Annotated Game #17 from the 1998 New York Open

annotations by NM Steve Mayer

GM Minasian, Artashes (2570) -  GM  Georgiev, Kiril (2675)  [B20]

1998 New York Open (Round 9) (Board 1)   22.03.1998

1. e4 c5 2. d3

A very good idea; Minasian will 'just play chess' with Georgiev. The text is an extremely flexible method of entering a variety of Sicilians of the 'closed' nature.

2…Nc6 3. g3 g6 4. Bg2 Bg7 5. f4 d6 6. Nf3 Nf6

Okay, start the search for improvements here, folks. Georgiev 'knows' that this method of developing the knight sets up Black for just the kind of mechanical attack that he faces the rest of the game.

7. O-O O-O 8. h3 Rb8 9. g4 b5 10. f5 b4

17_1.jpg (32412 bytes)

Look at the knight at b1. Hasn't it moved twice? Didn't it play out to c3, get attacked by …b4 and then retreat to b1? It didn't, of course, so Minasian has three 'consecutive' moves 'coming to him.' (He's on move and he's economized on two tempi.)

11. Qe1 Nd7 12. Qh4 e6 13. Bg5

Georgiev must have regretted not offering a draw earlier, but he still wished to win the tournament. By the way, it's 'my understanding' that Kiril Georgiev's unofficial FIDE rating after the New York Open is 2700! Congratulations, sir.


Georgiev hopes to set-up a 'firewall' of pawns across the third rank. Minasian decides that the party is a BYOFT affair and is especially generous with the number of flame throwers he brings to the attack.

14. Be3 Nde5 15. Nxe5

Clearing the f-file and swapping off a piece that wasn't likely to be so useful in White's attack.

15…Nxe5 16. Nd2 a5 17. Nc4 Nf7

17_2.jpg (31712 bytes)

Defending the Black king position and not getting 'tricked' by nominalism. Instead, the swap at c4 would have left the d-pawn exposed to attack on the d- file. Further, Minasian's advantage would have been such that he would, in practice, have 'little to fear' in the way of 'losing chances.'

18. Qg3 Rb7 19. Rf2 Re7 20. Raf1

Yep. Minasian shows great restraint in the way that he tenses the bow of the attack.

20…a4 21. g5

And now it's time for the better-developed side to make his attempt to crash through. White's rooks and Bg2 are especially pleased with the way things are going.

21…exf5 22.exf5 fxg5

Georgiev needs complications and counterplay if he is to retain any realistic chances of winning the tournament. At this point, he probably needs them simply to maximize his drawing chances.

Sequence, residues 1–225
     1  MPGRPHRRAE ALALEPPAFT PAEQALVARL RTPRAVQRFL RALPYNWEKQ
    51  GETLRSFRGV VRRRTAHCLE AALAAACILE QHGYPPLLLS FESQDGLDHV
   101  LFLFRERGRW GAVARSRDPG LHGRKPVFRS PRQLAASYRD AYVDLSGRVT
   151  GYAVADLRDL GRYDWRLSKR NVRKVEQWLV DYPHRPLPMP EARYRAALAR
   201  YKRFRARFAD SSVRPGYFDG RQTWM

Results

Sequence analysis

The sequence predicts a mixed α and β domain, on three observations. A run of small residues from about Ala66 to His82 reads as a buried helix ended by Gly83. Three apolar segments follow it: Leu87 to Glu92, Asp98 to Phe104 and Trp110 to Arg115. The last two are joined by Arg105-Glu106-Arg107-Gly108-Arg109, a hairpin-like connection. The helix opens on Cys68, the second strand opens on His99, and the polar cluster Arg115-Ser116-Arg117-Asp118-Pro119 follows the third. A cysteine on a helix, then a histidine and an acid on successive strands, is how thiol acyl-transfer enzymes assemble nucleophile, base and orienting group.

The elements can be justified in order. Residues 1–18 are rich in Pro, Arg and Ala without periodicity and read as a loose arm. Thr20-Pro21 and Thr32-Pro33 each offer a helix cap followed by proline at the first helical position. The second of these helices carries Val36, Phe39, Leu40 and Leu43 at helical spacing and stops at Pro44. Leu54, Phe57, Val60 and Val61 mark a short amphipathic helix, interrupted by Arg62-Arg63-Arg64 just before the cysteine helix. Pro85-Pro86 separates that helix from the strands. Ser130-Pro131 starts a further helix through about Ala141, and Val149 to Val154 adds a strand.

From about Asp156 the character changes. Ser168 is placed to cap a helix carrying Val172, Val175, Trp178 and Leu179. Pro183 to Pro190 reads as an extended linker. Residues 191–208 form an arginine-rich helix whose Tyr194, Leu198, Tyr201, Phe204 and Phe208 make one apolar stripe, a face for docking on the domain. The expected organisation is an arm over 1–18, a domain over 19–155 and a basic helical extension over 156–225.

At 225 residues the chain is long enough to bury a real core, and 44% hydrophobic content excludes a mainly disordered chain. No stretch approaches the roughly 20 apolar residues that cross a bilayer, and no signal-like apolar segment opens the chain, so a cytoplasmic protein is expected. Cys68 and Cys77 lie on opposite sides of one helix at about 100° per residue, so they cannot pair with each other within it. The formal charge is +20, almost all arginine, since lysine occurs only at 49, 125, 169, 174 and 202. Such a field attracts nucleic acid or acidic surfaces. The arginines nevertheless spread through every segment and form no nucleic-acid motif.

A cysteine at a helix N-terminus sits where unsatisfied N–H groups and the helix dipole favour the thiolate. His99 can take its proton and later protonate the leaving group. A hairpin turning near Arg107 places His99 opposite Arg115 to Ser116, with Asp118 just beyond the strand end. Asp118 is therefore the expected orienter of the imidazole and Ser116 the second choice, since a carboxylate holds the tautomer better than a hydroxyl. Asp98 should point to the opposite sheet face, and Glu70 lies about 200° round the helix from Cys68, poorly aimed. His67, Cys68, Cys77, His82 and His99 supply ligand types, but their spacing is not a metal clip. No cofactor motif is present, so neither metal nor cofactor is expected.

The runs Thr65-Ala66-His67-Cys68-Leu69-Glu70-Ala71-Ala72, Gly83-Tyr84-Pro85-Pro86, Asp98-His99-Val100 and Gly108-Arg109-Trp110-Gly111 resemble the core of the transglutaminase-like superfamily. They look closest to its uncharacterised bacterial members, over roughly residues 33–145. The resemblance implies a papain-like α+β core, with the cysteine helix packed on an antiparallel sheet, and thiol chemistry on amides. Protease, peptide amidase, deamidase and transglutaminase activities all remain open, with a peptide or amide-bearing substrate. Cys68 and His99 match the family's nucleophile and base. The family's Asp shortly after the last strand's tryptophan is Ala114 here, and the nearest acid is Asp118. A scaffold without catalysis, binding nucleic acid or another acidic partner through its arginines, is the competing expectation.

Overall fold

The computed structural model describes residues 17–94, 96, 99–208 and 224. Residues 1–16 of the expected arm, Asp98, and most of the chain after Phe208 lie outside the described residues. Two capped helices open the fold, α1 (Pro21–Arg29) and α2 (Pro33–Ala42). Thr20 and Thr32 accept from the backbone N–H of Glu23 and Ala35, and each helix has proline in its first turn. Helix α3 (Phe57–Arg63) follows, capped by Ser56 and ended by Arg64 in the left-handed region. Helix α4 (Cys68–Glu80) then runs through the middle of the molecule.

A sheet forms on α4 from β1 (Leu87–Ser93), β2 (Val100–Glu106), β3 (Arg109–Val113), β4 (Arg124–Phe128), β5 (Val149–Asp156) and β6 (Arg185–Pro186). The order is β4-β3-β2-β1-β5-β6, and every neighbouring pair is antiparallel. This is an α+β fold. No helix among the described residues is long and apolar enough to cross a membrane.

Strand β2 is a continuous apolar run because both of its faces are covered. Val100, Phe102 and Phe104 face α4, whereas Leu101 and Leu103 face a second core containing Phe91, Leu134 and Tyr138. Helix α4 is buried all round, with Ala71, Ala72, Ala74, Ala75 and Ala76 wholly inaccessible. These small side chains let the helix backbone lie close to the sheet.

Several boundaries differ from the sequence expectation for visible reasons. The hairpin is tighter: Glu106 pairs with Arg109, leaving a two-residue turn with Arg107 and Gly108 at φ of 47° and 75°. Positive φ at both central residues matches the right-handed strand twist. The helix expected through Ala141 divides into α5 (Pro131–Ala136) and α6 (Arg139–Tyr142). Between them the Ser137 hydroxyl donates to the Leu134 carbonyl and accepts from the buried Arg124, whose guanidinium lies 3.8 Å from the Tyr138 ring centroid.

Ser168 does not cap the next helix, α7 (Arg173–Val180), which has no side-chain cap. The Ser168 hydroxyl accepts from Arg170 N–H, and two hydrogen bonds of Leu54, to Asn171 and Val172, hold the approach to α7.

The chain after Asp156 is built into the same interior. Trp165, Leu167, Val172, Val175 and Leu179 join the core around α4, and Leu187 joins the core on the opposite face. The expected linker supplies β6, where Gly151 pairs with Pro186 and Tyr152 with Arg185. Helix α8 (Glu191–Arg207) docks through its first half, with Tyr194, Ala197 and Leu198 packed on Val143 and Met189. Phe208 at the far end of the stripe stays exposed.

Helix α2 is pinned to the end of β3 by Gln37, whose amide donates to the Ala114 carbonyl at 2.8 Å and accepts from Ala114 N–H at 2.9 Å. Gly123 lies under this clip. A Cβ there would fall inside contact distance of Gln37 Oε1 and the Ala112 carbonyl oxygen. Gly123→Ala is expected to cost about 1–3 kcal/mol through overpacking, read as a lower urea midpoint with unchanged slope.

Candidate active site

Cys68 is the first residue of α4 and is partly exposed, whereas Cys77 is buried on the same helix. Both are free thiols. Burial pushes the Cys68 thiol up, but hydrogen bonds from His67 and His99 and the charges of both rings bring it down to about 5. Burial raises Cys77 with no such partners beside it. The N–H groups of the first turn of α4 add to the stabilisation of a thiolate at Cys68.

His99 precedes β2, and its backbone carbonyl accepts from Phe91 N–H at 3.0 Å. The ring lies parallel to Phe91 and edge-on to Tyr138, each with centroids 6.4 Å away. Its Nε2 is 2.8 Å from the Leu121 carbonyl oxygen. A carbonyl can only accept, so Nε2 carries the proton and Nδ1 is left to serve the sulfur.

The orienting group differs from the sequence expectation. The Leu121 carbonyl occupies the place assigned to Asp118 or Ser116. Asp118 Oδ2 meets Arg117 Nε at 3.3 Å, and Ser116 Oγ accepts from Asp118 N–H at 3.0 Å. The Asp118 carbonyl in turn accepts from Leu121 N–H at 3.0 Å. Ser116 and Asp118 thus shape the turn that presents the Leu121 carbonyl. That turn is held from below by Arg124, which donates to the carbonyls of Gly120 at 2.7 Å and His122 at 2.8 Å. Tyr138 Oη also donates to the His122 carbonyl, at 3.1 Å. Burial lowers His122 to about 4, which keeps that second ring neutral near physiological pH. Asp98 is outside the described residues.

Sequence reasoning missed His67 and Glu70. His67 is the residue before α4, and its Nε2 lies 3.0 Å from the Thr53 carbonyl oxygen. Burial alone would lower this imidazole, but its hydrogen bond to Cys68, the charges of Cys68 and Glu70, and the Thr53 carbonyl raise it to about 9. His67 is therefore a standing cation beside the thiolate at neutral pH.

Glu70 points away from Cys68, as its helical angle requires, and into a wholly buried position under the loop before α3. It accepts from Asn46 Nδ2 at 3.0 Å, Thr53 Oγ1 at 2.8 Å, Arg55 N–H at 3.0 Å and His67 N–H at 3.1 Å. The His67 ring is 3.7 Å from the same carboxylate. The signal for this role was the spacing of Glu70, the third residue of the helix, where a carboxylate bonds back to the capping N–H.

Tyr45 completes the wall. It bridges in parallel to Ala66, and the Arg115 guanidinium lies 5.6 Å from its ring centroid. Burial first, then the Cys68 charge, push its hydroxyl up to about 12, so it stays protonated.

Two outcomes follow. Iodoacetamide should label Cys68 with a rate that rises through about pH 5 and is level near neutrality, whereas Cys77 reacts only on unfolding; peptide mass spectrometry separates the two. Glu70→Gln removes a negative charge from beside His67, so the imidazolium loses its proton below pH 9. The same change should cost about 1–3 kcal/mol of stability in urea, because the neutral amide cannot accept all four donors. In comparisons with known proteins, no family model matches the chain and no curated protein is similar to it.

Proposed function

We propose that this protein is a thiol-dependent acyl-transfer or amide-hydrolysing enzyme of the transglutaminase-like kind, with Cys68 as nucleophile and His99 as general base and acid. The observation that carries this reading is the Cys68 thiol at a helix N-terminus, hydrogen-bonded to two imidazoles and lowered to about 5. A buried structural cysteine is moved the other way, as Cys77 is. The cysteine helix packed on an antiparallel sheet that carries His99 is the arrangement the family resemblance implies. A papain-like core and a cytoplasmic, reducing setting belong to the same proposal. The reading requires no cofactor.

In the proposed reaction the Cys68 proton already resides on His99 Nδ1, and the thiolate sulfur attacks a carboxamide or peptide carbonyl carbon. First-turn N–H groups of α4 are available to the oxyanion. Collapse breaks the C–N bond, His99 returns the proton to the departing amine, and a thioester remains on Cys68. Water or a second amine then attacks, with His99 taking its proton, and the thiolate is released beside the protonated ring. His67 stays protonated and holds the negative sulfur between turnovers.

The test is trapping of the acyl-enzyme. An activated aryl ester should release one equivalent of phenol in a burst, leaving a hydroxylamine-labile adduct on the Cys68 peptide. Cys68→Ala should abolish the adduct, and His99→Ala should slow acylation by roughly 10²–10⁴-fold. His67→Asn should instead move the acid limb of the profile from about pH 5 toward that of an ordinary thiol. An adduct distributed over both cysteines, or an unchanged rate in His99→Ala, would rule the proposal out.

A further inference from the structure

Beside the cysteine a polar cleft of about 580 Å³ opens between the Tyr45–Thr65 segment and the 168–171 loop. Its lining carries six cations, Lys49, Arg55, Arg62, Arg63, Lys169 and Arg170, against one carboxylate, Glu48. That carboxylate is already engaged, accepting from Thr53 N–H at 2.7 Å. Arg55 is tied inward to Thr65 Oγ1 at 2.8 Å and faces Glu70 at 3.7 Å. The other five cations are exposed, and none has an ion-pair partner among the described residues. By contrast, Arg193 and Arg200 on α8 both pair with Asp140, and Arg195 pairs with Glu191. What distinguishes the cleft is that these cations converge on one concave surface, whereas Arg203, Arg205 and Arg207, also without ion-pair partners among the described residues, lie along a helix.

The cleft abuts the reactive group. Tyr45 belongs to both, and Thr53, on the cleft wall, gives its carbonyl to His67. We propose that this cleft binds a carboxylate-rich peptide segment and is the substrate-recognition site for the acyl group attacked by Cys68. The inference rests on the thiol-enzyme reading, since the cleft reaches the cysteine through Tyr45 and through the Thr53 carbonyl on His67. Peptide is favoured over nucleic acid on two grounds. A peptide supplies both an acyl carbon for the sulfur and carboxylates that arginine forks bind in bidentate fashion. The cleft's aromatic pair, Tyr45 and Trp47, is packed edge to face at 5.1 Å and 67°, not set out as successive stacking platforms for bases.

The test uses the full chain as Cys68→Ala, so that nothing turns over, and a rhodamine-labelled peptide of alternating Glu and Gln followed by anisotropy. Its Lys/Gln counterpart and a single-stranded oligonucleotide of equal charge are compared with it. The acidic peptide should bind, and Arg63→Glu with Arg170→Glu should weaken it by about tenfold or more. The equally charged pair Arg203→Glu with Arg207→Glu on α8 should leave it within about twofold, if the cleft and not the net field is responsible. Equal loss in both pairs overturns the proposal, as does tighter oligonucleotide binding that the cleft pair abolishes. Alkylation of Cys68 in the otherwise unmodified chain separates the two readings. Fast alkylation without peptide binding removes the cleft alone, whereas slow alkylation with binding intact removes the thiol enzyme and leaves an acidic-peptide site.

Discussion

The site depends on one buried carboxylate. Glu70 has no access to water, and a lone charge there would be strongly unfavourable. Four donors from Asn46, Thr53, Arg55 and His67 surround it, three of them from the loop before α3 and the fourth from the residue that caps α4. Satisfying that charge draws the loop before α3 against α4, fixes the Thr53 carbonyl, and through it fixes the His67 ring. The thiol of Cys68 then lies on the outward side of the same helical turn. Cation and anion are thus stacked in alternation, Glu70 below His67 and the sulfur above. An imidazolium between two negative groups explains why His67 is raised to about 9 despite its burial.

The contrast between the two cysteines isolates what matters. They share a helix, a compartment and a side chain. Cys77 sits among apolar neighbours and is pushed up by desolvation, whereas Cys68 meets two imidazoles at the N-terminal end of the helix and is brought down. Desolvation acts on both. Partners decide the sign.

23. f6 Rxe3 24. Nxe3 Bh6 25. Bd5

Not quite the 'end of the story,' but Minasian has a material advantage and a greater collection of positional advantages, particularly in the area of piece activity.

25…Re8 26. Nc4 Be6 27. Qg2 Bf8 28. Re1 Bxd5 29. Rxe8 Qxe8 30. Qxd5

17_3.jpg (29883 bytes)

If you wish to improve your ability to 'win won games'- and who doesn't?- then you could do worse than to spend an hour or two on the positions from moves 24-30.

30…Qc8 31. Kg2 g4 32. h4

Georgiev hoped that Minasian's king would decide to go 'au natural.' Instead, the emperor dons concrete clothes (the pawns at g4 and h4), the better in which to participate in the looming awards ceremony.

32…Qe8 33. Qe4 Qd7 34. Re2 a3 35. bxa3 bxa3 36. Qd5 Qd8 37. Re6 Qb8 38. Ne3
Qb2 39. Qa8 h5 40. Re8

Game over. There is no perpetual, no 'swindle' and Minasian can now 'always win' by taking 'everything off' at f8 and letting his stallion eat its fill.

40…Qxf6 41.Rxf8+ Kg7 42. Qe8 Qf3+ 43. Kg1 1-0

A very nice 'money game' by Minasian. Boxing fans might recall the first Holyfield-Tyson fight. (The work of art, not the low comedy that followed in HT II.) Like Holyfield, Minasian contained a very dangerous opponent and demonstrated his 'reach advantage' (half point lead and having White) as he pushed Georgiev out of the center, braced him against the side of the square and unleashed a series of venomously precise head shots. (As they say in boxing, "Kill the head and the body dies." As 'they' also say in chess, "Checkmate.")